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17 of 19 people found the following review helpful By A Customer on September 7, 1999
Format: Paperback
I, too, am bewildered, and more than a little amused, by the dismissive (and ultimately insubstantial) negative comments of other readers. How can one read this book and not be impressed? Agreed, this was not Johnson's best work, but it should be obvious to any thoughtful reader that this is a gifted writer, and that this novel--like each of Johnson's in its own way--is unique and thought-provoking and, yes, compelling. Those who are "bored" with this novel should probably not tax their poor brain cells too much. For them, a little friendly advice: Stick to Grisham or Clancy. "Already Dead" is neither "Jesus' Son" nor "Angels" nor "Fiskadoro"--but then, asking him to repeatedly crank out more of the same is a little like complaining that Dylan refuses to keep re-writing "Like a Rolling Stone." Johnson takes huge risks with each outing and obviously intentionally avoids the mainstream--and admittedly this novel is not perfect. But it undoubtedly ranks among the top five or six literary works of 1997-98. An excellent work: simultaneously funny, bizarre, stunning, off-beat, and hallucinatory--in other words, typical Johnson.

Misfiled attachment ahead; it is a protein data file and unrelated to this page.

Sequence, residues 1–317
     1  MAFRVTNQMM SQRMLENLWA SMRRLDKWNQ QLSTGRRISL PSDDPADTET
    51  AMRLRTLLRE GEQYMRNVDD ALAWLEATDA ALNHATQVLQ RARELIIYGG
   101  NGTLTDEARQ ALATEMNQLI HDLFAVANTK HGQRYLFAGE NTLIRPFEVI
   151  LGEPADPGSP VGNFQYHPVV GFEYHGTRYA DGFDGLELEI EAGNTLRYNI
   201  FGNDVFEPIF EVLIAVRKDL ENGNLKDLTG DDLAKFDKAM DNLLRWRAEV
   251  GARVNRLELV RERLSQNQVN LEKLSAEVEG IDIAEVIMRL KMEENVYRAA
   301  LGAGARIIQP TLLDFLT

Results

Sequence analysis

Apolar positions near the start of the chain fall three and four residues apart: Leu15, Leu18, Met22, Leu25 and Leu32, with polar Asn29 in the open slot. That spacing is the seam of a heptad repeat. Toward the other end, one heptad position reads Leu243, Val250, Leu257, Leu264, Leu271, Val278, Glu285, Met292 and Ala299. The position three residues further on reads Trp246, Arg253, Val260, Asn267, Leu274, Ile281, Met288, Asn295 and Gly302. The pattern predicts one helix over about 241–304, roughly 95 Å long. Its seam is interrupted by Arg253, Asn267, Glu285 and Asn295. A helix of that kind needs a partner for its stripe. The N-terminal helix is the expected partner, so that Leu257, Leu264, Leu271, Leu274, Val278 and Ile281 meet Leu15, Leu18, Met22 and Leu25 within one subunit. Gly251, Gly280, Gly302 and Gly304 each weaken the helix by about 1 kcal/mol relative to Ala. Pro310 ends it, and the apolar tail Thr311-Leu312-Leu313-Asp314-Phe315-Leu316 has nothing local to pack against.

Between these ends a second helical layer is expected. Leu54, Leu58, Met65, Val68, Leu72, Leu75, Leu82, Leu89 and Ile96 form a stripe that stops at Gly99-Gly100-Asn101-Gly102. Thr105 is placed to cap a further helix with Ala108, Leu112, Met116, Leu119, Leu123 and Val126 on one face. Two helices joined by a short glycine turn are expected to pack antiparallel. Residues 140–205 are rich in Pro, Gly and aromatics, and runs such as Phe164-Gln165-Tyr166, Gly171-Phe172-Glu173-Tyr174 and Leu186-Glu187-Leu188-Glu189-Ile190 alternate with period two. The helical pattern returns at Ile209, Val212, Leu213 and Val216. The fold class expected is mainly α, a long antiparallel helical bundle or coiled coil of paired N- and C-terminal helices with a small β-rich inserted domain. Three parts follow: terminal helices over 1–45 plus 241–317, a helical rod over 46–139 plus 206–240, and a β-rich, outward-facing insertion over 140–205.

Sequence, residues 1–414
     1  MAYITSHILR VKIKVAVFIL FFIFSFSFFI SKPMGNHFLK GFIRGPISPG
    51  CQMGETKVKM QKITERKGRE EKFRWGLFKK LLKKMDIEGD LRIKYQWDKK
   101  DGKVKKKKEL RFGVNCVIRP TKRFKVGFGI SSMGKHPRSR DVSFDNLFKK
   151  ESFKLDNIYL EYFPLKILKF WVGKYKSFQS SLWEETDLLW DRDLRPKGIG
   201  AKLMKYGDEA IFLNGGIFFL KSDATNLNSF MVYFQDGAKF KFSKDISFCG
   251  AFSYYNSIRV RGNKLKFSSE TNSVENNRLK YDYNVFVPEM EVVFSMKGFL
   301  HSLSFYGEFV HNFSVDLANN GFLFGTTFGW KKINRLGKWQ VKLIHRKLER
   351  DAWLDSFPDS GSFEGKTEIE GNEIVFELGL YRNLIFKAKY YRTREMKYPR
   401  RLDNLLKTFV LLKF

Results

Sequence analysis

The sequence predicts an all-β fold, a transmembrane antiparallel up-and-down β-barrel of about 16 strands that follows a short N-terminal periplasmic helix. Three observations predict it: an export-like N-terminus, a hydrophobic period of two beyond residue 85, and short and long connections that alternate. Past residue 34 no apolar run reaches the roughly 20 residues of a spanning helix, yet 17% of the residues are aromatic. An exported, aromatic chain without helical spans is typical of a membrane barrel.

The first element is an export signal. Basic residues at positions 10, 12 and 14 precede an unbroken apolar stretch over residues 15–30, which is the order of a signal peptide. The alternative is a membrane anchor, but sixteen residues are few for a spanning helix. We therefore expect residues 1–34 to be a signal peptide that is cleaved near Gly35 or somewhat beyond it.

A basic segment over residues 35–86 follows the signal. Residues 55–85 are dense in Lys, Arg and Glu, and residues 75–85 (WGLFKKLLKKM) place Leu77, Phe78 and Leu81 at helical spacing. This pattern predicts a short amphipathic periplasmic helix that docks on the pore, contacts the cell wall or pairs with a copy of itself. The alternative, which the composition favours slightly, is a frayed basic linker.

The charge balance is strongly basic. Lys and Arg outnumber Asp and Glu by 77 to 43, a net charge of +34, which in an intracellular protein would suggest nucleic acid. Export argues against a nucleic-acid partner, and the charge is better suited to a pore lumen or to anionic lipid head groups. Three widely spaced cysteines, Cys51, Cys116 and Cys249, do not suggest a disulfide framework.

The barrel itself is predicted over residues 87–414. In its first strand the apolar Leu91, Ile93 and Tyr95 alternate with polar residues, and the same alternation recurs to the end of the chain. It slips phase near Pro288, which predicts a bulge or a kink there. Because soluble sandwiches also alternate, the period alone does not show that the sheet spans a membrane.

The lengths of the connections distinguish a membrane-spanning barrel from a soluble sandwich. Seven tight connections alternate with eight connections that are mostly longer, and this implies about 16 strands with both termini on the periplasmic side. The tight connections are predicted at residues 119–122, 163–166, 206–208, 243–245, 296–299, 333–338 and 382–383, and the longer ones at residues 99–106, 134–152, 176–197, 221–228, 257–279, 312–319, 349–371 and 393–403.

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9 of 10 people found the following review helpful By courtney J angermeier on May 9, 2000
Format: Paperback
When I read this book I found myself desperately feeling like my life resembled it far far more closely than I would have liked. Already Dead is a haunting and horrible journey where the sickening downward spiral of Nelson Fairchild's inner life is mirrored in his northern California community. Maybe it's more than that, maybe it's even that somehow Fairchild, through his possibly demonic counterpart Carl Van Ness, is at the center of this spiritual gyre that engulfs the whole coast. I don't think it's a coincidence that Van Ness's attempted suicide, which acts as a catalyst for all the later action in the book, is a drowning. The whole thing is like being pulled slowly but steadliy from beneath in a deep pool of your own cerebral juices; you can feel yourself pulling more and more of that sour liquid into your lungs as you read. So, while that might not sound like much of a reccommendation, I think any book that can make you feel that way, must be a great book. The aforementioned experience while not necessarily plesant, is not bereft of a certain ammount of humor or bemeusment as might be expected with your life flashing before your eyes; life is, after all, funny stuff. There's no denying that Already Dead is dark, that it's hard, that it does make you feel sort of dead, but it also sharpens the senses and gives a thread of clarity about what is eternal and vital; it helps you see what makes life worth the living. It does that in a very twisted way of course, but really, this is Denis Johnson, what else did we expect.